Marcia Moreno should have settled her “debt to society” a long time ago; if not 23 years ago then she should have paid her traffic tickets before she decided to throw her hat into the Nogales City Council race.
That is the bottom line of a story published Friday in the NI (“NPD serves old warrant on candidate”). Yes, this was only a civil not criminal matter, but Politics 101 dictates that you either enter an election with a clean nose, or make sure all witnesses to your dirty deeds are dead or missing.
That somebody ratted out Moreno for political purposes there is no doubt. City Manager Shane Dille refuses to say who fingered her, but noted it came from more than one source.
The first possible camp is that of Esther Melendez-Lopez, Moreno’s opponent in the Nov. 6 general election. Another far-fetched theory is that supporters of Vice Mayor Olga Valdez, who lost miserably in the primary election, pushed for the revelation. Wags at City Hall suggested that Moreno might leave the campaign trail out of pure embarrassment and open the door for Olga to run. For traffic tickets?
Then there’s the more benevolent theory that someone took umbrage and exposed the arrest warrant because a red-light runner like Moreno could never touch the high bar of morality established at City Hall by such distinguished individuals as Octavio Garcia-Von Borstel.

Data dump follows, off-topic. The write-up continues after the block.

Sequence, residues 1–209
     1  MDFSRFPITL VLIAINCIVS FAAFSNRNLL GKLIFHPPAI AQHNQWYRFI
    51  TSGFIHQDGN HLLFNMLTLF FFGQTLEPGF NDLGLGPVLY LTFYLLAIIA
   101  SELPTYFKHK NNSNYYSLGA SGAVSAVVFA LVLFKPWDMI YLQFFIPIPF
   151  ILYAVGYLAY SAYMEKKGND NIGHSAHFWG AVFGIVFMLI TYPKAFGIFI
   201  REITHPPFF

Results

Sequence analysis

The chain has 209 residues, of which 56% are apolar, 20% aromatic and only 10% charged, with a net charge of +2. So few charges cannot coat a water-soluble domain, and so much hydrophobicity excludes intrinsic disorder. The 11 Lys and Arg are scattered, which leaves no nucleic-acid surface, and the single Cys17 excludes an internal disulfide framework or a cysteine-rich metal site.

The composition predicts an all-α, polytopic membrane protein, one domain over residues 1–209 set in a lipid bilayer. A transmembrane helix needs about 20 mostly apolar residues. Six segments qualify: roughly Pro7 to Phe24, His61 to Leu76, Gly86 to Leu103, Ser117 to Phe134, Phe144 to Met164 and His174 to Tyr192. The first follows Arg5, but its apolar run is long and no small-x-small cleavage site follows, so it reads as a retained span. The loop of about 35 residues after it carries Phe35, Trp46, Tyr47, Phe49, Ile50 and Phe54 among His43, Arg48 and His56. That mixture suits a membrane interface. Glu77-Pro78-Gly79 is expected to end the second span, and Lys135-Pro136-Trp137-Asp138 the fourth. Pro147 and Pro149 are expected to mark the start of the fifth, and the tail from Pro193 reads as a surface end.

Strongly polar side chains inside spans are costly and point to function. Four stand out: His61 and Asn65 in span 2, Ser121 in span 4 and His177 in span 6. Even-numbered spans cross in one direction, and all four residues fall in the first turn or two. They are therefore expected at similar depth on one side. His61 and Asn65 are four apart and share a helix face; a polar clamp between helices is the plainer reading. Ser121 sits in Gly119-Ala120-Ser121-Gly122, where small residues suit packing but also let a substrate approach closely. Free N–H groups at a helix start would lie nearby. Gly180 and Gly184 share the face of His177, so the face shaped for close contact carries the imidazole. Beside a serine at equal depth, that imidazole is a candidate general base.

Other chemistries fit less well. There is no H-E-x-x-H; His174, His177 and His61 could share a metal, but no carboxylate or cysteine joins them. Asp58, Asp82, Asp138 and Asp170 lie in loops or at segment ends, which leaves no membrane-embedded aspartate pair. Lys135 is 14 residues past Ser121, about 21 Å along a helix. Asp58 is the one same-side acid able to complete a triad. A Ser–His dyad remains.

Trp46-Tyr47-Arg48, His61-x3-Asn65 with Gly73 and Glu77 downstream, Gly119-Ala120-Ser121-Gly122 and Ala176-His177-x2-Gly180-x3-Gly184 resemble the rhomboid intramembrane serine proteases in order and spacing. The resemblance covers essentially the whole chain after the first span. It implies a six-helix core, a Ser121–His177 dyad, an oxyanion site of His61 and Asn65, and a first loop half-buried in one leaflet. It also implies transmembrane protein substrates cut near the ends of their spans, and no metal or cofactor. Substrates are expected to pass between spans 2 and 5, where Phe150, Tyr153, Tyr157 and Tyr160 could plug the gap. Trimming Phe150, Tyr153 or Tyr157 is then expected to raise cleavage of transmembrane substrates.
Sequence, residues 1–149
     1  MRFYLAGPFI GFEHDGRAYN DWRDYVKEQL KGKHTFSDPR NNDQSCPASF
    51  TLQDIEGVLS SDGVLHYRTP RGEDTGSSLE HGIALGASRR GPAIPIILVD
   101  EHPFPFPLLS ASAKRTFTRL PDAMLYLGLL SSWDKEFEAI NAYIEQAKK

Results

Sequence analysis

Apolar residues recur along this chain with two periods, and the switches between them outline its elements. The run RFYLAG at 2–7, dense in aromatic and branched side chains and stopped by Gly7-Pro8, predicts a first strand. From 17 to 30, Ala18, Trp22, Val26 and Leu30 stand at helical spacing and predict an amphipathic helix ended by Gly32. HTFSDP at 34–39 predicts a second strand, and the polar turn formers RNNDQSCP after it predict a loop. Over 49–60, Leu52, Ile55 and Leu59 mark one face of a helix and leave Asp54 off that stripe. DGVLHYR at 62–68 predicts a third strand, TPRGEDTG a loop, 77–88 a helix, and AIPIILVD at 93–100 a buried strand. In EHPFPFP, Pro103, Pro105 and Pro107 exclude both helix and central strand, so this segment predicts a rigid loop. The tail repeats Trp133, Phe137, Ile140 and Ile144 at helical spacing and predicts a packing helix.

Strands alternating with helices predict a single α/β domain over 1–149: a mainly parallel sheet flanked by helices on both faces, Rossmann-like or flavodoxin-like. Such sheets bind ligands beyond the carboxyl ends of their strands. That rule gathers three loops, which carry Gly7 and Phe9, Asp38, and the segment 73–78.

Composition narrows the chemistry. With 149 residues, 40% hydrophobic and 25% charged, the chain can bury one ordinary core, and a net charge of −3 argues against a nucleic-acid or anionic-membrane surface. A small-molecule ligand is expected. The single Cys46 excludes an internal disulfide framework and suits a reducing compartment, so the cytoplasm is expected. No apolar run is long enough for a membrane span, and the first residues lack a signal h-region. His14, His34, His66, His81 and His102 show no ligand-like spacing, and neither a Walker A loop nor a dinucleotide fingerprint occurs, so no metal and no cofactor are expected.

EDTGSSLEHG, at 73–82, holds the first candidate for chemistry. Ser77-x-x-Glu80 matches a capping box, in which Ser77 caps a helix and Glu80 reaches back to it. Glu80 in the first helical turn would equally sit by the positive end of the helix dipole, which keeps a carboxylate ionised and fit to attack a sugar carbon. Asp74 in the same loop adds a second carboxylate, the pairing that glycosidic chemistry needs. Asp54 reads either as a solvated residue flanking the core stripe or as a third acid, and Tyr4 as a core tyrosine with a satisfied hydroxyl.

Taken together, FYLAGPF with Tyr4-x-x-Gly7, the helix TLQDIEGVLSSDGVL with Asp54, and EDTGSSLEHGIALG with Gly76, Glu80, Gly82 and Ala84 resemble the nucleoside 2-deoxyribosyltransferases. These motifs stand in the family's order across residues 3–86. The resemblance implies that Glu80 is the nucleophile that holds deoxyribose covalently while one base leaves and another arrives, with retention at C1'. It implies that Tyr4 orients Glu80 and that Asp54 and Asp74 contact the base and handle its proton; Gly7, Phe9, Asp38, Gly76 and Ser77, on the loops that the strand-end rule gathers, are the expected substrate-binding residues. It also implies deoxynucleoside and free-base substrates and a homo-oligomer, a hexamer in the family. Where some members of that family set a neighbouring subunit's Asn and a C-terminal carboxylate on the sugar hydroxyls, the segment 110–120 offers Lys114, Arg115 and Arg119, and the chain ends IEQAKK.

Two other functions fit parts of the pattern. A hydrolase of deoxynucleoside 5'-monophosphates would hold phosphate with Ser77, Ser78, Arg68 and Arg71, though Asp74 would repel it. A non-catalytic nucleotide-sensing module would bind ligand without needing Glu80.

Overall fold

What gets me is that since nobody wants to rat out the rats, the Nogales Police Department ends up being the villain even though the matter was handled with the utmost tact by all accounts. Moreno could have been cuffed and dragged out of her place of employment. Instead, officers allowed her to be driven by her sister to the station so she could pay her fine. They had no choice but to serve the warrant once it was brought to light. (Future politicians beware. The issue also revealed NPD has quite a few old warrants that have not been served).
In the end, this type of petty “scandal” behind a council seat that pays $25-per-month is exactly the kind of thing that tanks Nogales’ image despite all the catchy slogans and cultural fiestas and fandangos.
In the meantime the real issues are obscured and candidates avoid addressing more substantive matters like 19 percent unemployment; a looming trade war that could devastate the local produce industry; crumbling city infrastructure; and a stubborn impasse that obstructs good city-county relationships. Viva, Nogales.
(Coppola is publisher of the Nogales International and the Weekly Bulletin. Contact him at publisher@